Thad: We also need to immediately improve what we present on our new business and renewals that made producers so unhappy. We want to establish a pricing discipline that will create stability and transparency and be honest and straightforward. This will give employers the tools they need to make good financial decisions. Low cost and ease are the twin pillars of Blue Shield's mission and part of Blue Shield's plan to reinvent itself.
How does the entry of national carriers, like Cigna and Aetna, affect the marketplace?
Thad: The California healthcare market isn't growing. If anything, the number of potential health plan members has plateaued or declined over the past few years. Nevertheless, California is still considered a key market, and carriers that don't have a hold in California aren't going to survive. That's why we are seeing Cigna and Aetna aggressively targeting California. United Healthcare also returned to the California market when it bought out PacifiCare. To get business, new competitors typically cut their pricing, often below break even points. This leads to the pricing instability we are witnessing now. It's a simple supply and demand equation.
Why should employers choose Blue Shield if the competition is undercutting prices?
Jim: Unsustainable low prices may benefit employers in the short term, but not in the long run. Eventually, these carriers are going to have to raise their prices to at least meet their expenses. Down the line, employers may find themselves having to change carriers and deal with all the confusion and inconvenience that goes along with such changes. Blue Shield is the better, more stable, rational choice for employers looking to control healthcare costs while offering their employees quality healthcare coverage. We can play on the historical strength of our networks and the breadth and depth of our discounts to create new and better products. We also think we can offer better service than our competitors because we are California-based and focus solely on the healthcare needs of Californians, as we talked about earlier.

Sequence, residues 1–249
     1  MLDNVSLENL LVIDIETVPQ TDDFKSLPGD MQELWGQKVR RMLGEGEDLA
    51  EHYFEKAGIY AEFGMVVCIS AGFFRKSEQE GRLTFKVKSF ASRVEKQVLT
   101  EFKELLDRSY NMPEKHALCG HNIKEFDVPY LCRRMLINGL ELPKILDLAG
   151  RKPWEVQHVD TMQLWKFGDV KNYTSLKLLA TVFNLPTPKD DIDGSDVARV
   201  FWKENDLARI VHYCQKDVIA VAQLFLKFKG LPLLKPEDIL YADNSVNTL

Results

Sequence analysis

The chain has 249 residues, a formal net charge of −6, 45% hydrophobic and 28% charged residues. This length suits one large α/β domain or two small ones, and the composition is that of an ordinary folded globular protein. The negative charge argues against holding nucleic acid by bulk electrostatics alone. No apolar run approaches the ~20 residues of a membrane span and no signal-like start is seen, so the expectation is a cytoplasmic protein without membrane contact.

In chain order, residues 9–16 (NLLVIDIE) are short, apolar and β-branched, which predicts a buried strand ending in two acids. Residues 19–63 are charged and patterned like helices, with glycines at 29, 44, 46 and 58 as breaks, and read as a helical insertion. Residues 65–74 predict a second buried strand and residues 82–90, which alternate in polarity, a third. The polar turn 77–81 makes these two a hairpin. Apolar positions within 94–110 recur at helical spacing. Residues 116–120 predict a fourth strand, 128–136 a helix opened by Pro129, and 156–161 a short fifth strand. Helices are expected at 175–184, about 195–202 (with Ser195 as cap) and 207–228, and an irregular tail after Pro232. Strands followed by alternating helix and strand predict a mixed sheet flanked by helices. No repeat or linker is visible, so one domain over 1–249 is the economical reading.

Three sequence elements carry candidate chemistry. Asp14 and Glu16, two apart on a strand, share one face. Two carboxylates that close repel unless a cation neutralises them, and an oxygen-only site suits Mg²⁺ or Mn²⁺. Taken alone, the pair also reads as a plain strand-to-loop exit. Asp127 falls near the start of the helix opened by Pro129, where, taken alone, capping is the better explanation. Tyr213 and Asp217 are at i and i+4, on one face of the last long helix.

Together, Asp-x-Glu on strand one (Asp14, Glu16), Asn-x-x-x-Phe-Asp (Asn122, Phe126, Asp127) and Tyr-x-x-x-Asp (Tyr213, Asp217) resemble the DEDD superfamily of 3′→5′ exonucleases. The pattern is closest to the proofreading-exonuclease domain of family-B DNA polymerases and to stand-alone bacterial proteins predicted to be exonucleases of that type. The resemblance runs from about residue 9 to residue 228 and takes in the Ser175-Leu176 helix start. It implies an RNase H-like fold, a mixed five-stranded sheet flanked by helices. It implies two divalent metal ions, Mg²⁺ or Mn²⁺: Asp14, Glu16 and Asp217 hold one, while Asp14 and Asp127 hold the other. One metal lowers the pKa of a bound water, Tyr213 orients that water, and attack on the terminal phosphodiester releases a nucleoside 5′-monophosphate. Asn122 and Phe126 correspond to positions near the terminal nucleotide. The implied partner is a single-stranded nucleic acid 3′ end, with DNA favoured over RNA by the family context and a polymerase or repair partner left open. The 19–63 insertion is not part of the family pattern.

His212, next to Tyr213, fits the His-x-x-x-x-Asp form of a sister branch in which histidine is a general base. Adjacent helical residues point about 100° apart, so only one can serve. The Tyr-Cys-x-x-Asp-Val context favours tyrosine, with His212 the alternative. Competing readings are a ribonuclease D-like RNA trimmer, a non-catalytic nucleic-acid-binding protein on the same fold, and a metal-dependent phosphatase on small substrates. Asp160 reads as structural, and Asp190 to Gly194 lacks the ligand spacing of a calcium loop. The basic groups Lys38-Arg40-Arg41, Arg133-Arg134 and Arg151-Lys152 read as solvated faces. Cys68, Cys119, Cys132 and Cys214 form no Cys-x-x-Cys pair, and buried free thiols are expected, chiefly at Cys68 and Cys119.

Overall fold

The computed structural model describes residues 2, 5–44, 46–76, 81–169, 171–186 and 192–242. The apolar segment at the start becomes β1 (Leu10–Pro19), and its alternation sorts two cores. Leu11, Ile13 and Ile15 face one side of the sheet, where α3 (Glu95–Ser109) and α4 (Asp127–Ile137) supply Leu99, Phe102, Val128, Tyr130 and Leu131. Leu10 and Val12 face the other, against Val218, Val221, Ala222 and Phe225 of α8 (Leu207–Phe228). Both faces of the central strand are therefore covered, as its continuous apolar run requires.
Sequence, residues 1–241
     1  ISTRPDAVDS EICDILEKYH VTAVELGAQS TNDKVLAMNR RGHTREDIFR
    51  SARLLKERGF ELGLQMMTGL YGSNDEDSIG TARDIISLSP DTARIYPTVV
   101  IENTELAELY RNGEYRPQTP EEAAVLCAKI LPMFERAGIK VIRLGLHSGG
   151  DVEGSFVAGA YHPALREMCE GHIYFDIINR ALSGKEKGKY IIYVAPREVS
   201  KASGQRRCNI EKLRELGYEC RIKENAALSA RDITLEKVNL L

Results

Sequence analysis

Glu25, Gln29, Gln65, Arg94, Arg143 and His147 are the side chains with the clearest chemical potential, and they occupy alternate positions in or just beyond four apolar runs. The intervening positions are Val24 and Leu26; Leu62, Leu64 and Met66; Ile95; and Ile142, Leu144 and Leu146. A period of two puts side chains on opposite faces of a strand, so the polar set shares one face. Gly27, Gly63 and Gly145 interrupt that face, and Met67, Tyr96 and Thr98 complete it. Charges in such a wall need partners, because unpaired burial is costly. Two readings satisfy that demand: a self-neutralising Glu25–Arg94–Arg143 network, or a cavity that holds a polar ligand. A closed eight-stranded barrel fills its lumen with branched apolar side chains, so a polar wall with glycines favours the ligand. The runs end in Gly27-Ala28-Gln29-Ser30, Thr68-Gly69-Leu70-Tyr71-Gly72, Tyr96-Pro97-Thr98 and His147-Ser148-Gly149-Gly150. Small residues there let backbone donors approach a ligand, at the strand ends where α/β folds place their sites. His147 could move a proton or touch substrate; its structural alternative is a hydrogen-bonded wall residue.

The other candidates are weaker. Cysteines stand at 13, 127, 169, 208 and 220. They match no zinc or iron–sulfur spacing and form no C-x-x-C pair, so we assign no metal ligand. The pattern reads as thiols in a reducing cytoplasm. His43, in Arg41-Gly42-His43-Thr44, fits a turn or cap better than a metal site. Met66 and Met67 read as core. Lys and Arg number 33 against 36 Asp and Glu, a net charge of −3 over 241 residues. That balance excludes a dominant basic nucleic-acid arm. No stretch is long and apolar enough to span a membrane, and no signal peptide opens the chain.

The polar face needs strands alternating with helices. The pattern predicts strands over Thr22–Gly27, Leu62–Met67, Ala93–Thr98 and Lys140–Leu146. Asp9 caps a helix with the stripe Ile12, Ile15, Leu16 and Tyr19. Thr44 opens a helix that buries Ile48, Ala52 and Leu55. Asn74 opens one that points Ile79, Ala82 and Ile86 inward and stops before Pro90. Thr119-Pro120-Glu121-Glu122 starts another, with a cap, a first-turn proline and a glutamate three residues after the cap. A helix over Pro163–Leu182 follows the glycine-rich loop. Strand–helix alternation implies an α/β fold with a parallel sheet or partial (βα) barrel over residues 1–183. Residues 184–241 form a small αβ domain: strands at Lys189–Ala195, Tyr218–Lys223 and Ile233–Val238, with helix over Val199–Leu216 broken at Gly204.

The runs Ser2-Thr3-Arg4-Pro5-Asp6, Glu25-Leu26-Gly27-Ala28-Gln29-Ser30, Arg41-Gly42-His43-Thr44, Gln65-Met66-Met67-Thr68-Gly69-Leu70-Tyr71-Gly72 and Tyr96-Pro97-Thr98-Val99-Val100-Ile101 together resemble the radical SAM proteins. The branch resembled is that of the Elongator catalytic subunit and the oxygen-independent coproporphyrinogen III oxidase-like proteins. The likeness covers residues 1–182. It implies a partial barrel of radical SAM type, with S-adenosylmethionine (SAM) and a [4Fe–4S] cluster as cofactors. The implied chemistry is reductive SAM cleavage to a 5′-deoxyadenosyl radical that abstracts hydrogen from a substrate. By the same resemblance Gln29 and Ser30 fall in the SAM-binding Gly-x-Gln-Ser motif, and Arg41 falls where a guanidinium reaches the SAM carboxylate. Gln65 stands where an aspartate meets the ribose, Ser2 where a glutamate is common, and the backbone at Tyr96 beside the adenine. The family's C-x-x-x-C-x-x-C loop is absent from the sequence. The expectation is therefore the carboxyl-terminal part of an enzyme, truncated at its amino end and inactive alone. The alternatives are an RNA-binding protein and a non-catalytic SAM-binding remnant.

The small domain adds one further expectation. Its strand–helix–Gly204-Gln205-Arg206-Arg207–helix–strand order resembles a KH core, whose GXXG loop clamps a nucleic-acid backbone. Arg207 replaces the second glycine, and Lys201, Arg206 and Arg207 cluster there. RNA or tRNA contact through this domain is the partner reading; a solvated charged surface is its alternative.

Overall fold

What are your top priorities or goals for 2007 and beyond?
Thad: I see them grouped into three major categories:
1. Restoring confidence in our relationships with producers and employers;
2. Creating a more stable, competitive pricing strategy; and
3. Restructuring our teams to better serve our customers -- producers, employers and members.
We need to start by fixing new business and renewal pricing as we discussed earlier. We also need to demonstrate that Blue Shield is a stable, disciplined, new organization. Our customers must come first in everything we do, and we must strive to earn their trust each and every day.
Jim: Our overall goal is to drive membership growth and become a high performance organization. Relationship building, improved systems support and better organization are just a few of the strategies we are working on to get us there.